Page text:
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neil poulsen
27-Sep-2014, 21:06
Suppose that a 16x20 sheet of paper doesn't lay properly on a 20x24, four-bladed easel, and this results in areas that are out of focus. Short of using a vacuum easel, what are ways that one could resolve this issue?

N Dhananjay
28-Sep-2014, 05:48
Maybe you could try rubber cement or some kind of tack adhesive. Cheers, DJ

Alan Curtis
28-Sep-2014, 07:53
Double sided tape might work. Generally, it is easily removed on both surfaces.

Daniel Stone
28-Sep-2014, 16:32
Try building a steam box to slightly soften the paper before putting it into the easel. Similar to how steaming a shirt can reduce/remove wrinkles, the fibers in large paper can react the same way to make it lay flat during exposure. Keep an electric kettle or an iron w/ a steam function handy for this purpose(making steam), and a couple of large cookie sheets for handling the paper safely in/out of the box).

Just an idea of course, and normally I'd test myself before recommending, but since my darkroom is currently packed away, I wanted to share anyhow.

-Dan

[edit]
You could also check into neodymium magnets and use them to "pull" the blades down onto the base of the easel more than gravity does alone.

Greg Davis
28-Sep-2014, 17:06
Darkroom Cookbook has a recipe for making a sticky easel to solve that problem.

ic-racer
28-Sep-2014, 17:52
I had this trouble. I let the paper 'rest' a little before I made the exposure, after I closed the blades. What was happening is that the paper would move a little up or down immediately after closing the blades. By pausing after setting the blades down before I made the exposure I was able to eliminate the problem.

neil poulsen
28-Sep-2014, 21:49
Try building a steam box to slightly soften the paper before putting it into the easel. Similar to how steaming a shirt can reduce/remove wrinkles, the fibers in large paper can react the same way to make it lay flat during exposure. Keep an electric kettle or an iron w/ a steam function handy for this purpose(making steam), and a couple of large cookie sheets for handling the paper safely in/out of the box).

Just an idea of course, and normally I'd test myself before recommending, but since my darkroom is currently packed away, I wanted to share anyhow.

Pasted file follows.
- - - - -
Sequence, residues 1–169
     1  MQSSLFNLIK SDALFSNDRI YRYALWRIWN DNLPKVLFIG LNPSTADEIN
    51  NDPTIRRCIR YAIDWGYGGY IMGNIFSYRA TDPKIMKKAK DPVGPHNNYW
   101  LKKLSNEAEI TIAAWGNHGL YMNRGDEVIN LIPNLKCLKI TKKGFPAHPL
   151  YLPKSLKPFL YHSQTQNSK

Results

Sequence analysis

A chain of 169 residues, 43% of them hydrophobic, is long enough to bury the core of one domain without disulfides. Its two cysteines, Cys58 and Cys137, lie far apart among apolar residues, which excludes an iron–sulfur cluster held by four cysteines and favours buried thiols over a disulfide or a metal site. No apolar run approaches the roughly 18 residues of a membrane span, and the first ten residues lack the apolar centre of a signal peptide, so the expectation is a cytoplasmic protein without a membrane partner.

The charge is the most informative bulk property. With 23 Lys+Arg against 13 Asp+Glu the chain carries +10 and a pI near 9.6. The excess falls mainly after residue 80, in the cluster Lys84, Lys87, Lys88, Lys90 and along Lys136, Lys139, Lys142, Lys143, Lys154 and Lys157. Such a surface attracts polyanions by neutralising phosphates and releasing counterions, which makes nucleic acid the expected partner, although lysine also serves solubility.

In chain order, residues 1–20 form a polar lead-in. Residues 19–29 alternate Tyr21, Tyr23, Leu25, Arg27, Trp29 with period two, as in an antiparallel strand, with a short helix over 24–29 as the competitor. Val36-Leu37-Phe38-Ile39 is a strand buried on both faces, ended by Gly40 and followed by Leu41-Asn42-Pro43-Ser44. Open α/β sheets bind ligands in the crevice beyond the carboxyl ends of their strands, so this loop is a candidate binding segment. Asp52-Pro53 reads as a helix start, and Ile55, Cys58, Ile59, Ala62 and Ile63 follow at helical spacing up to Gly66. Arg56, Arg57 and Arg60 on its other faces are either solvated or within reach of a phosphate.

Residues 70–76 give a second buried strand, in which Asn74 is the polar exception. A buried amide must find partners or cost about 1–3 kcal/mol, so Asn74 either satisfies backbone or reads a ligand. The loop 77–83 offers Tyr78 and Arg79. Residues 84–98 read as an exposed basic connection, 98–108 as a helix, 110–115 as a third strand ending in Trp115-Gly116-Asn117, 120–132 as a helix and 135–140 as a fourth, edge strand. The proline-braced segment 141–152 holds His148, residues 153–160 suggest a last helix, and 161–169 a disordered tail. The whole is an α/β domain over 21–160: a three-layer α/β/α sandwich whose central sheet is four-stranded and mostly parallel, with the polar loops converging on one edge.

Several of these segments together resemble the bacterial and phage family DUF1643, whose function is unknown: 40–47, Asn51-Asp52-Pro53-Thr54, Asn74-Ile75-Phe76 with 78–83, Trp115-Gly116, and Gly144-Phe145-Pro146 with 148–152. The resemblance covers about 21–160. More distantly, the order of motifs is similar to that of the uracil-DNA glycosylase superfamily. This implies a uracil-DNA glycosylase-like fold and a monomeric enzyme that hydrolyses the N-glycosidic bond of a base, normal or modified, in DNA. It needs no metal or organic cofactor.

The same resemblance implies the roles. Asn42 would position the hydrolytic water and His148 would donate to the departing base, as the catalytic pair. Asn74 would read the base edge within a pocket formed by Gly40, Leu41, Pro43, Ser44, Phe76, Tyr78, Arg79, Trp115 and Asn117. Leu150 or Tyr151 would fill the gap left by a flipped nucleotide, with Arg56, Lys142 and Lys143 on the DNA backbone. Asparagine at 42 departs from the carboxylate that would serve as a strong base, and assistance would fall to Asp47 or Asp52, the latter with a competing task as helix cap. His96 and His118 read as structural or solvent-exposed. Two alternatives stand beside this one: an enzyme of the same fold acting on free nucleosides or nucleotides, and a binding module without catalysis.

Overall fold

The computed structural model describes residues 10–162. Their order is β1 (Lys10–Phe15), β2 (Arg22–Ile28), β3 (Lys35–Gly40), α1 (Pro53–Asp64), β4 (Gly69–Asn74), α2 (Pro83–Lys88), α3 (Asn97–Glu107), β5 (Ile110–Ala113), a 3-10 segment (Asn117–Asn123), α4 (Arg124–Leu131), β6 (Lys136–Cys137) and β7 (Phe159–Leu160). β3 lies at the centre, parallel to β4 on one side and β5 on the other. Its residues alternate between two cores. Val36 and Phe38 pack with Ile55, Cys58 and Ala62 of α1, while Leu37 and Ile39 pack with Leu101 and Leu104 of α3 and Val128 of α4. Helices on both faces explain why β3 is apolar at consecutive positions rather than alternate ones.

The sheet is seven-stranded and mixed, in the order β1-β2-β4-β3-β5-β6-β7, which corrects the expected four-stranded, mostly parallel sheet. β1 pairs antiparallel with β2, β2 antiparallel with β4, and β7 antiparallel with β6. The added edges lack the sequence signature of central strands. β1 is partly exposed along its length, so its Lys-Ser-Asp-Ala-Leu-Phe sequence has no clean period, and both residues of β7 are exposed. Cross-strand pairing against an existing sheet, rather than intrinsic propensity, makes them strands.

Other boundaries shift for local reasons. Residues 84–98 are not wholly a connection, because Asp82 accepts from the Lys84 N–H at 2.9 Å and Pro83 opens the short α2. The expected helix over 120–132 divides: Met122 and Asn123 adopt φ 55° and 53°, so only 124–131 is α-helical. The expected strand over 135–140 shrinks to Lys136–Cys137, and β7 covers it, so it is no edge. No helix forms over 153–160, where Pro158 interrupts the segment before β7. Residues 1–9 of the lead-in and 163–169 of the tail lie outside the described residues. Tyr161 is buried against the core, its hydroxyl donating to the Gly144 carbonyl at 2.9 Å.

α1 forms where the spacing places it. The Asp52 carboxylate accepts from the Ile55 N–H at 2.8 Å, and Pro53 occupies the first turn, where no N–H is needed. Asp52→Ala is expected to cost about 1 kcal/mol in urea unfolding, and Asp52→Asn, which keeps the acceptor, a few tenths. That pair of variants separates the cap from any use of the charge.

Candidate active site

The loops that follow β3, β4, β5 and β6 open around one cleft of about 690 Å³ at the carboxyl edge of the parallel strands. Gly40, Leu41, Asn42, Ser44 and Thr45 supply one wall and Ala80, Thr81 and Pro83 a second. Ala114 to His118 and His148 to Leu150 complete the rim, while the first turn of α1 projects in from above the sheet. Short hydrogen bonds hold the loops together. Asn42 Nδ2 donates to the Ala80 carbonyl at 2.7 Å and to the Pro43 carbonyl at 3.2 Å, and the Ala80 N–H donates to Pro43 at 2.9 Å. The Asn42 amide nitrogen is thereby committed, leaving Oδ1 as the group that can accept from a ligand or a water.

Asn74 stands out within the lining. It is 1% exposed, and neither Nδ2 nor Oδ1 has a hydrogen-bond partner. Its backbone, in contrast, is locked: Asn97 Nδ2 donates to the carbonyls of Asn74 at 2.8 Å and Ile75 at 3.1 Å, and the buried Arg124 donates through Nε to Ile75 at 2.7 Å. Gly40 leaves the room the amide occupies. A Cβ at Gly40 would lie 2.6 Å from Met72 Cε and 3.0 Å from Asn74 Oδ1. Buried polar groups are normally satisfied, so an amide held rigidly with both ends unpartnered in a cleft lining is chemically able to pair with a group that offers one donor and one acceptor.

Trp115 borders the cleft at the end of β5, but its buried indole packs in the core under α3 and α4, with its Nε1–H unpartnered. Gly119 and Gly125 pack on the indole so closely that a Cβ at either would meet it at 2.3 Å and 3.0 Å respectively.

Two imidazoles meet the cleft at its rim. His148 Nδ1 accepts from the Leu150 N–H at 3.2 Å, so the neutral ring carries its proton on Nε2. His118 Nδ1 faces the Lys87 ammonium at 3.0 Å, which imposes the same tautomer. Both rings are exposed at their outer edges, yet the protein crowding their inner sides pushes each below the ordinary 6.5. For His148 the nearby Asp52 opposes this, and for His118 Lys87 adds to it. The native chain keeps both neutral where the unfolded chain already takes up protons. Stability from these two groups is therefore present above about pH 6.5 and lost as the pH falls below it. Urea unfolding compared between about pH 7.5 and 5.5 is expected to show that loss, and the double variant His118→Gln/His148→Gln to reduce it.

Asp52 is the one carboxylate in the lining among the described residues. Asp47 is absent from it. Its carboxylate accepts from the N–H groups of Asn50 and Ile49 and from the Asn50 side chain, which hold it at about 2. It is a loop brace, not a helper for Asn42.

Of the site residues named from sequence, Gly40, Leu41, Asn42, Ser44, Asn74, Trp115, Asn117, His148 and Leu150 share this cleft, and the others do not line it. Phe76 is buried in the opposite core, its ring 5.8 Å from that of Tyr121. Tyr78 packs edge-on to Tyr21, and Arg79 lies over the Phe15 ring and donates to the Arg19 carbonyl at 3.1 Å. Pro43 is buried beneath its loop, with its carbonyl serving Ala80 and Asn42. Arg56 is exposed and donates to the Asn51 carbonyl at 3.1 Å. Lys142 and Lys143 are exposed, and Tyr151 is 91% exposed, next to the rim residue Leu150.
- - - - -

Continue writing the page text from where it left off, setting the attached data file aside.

-Dan

[edit]
You could also check into neodymium magnets and use them to "pull" the blades down onto the base of the easel more than gravity does alone.

Sometimes they use an ultrasonic humidifier to condition paper before pt/pd printing. I'm wondering if this would work?

Jim C.
29-Sep-2014, 16:07
I guess forgoing the easel and using a piece of glass or plastic to hold the paper flat is out of the question ?

plaubel
29-Sep-2014, 23:16
If not using Baryta, I make the surface of my ground plate wet a bit, than it's adhesive .

lab black
30-Sep-2014, 02:21
Neil,

I have used small magnets on the easel blades to add weight and in some conditions, the added weight will completely flatten the paper. If this does not work, an ultrasonic humidifier can be an additional solution. Some PT/PD practitioners choose to humidify their entire darkroom. I prefer to humidify individual pieces paper for the Pt/Pd process in a large, hinged, Rubbermaid box. The box has had legs attached so that it sits just above the humidifier's outlet. I cut a 4 inch hole on the bottom of the box for a steam inlet from the humidifier as well as a similar hole in the top of the box for an outlet. In addition, I glued a piece of plexiglass that is slightly smaller that the diameter of the box to 2 in. x 2 in. legs and the entire shelf was placed inside the box. This allows the steam to rise around the paper which sits on top of the plexiglass. Time and humidity varies, although for flattening silver paper, I typically set the humidity at 68% and start at 30 seconds to slightly relax the fibers in the paper.